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jason.bradleyjason.bradley 

Print dynamically created sheet to printer on commandButton click?

Hello,

 

I have been looking around for a way to print, well anything really, to a printer when a commandButton is pressed, without bringing up a dialogue in which the user can manipulate settings and then tell the document to print. This application is only going to be used on one computer at a front desk in order to print badges anyways, so there is no need to change the print settings before printing the document. All of the solutions I have found so far to print things in general involve the javascript function "print()" being called from the window or whatever object needs to be printed but as I have come to understand, this brings up the system's print dialogue.

If there is not a way to do this from the VisualForce page itself due to security issues, would I be able to send information that is entered into the VisualForce page itself to a small java app or applet that would print the information without a dialogue?

 

I would greatly appreciate anyone's input on this.

Best Answer chosen by Admin (Salesforce Developers) 
sfdcfoxsfdcfox

You would indeed need a local client in order to achieve this effect. Browsers in general are designed with security in mind, so it's not reasonable to expect that you'll be able to circumvent this feature as a matter of convenience. Internet Explorer is probably the exception: http://stackoverflow.com/questions/1096862/print-directly-from-browser-without-print-popup-window ... so if you're okay with that limitation, go for the solution posted at the link. Depending on the complexity of the request, I would envision a cross-browser solution would look like this:

 

1) Have the target of the commandButton or commandLink (probably a link) that points to something like "http://localhost:29995/print?src=<urlencoded-target>". I chose the port arbitrarily, you should avoid IANA assigned ports, but otherwise you can pretty much do whatever.

2) Choose your favorite development language (Java, C++, .Net, doesn't really matter) that runs as a taskbar icon or service that listens on that port for requests. Once it receives a request, it should engage the printer.

 

As an alternative, you could conceptually write a Java Applet, sign it, and verify the signature on the browser. This will cause Java to not run in "sandbox mode," allowing access to the entire system, including the ability to queue print jobs. This has a benefit of not requiring a standalone app running in the background pointlessly consuming resources. The applet could be loaded when the button is clicked, perform its action, then quit.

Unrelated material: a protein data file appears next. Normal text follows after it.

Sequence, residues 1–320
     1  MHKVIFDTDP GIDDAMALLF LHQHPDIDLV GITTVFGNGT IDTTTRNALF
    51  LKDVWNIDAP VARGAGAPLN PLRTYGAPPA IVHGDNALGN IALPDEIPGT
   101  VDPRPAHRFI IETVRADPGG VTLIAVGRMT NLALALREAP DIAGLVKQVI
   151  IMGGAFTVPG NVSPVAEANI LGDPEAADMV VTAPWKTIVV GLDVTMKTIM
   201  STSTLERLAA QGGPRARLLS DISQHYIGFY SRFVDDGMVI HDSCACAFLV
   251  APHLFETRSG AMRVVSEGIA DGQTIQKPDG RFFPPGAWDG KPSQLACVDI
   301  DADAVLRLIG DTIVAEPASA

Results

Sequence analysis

All Answers

sfdcfoxsfdcfox

You would indeed need a local client in order to achieve this effect. Browsers in general are designed with security in mind, so it's not reasonable to expect that you'll be able to circumvent this feature as a matter of convenience. Internet Explorer is probably the exception: http://stackoverflow.com/questions/1096862/print-directly-from-browser-without-print-popup-window ... so if you're okay with that limitation, go for the solution posted at the link. Depending on the complexity of the request, I would envision a cross-browser solution would look like this:

 

1) Have the target of the commandButton or commandLink (probably a link) that points to something like "http://localhost:29995/print?src=<urlencoded-target>". I chose the port arbitrarily, you should avoid IANA assigned ports, but otherwise you can pretty much do whatever.

2) Choose your favorite development language (Java, C++, .Net, doesn't really matter) that runs as a taskbar icon or service that listens on that port for requests. Once it receives a request, it should engage the printer.

 

As an alternative, you could conceptually write a Java Applet, sign it, and verify the signature on the browser. This will cause Java to not run in "sandbox mode," allowing access to the entire system, including the ability to queue print jobs. This has a benefit of not requiring a standalone app running in the background pointlessly consuming resources. The applet could be loaded when the button is clicked, perform its action, then quit.

This was selected as the best answer
jason.bradleyjason.bradley

I just finished writing a java application that allows printing to the default printer without a printer dialogue. I haven't begun to look at making it an applet instead, but is there a way, through javascript perhaps, to start that application if it was already installed on the client's computer and interact with the methods contained within it?

jason.bradleyjason.bradley

I actually just went ahead and converted it to an applet and signed it and it at least works locally now with no problems. Now I just have to integrate it with the VF page and I should be good to go. Thanks!

sfdcfoxsfdcfox

JavaScript probably wouldn't have access to the local system (browser security), but you could also have created a service with the Tanuki Java Service Wrapper, but that may have been overkill in your case.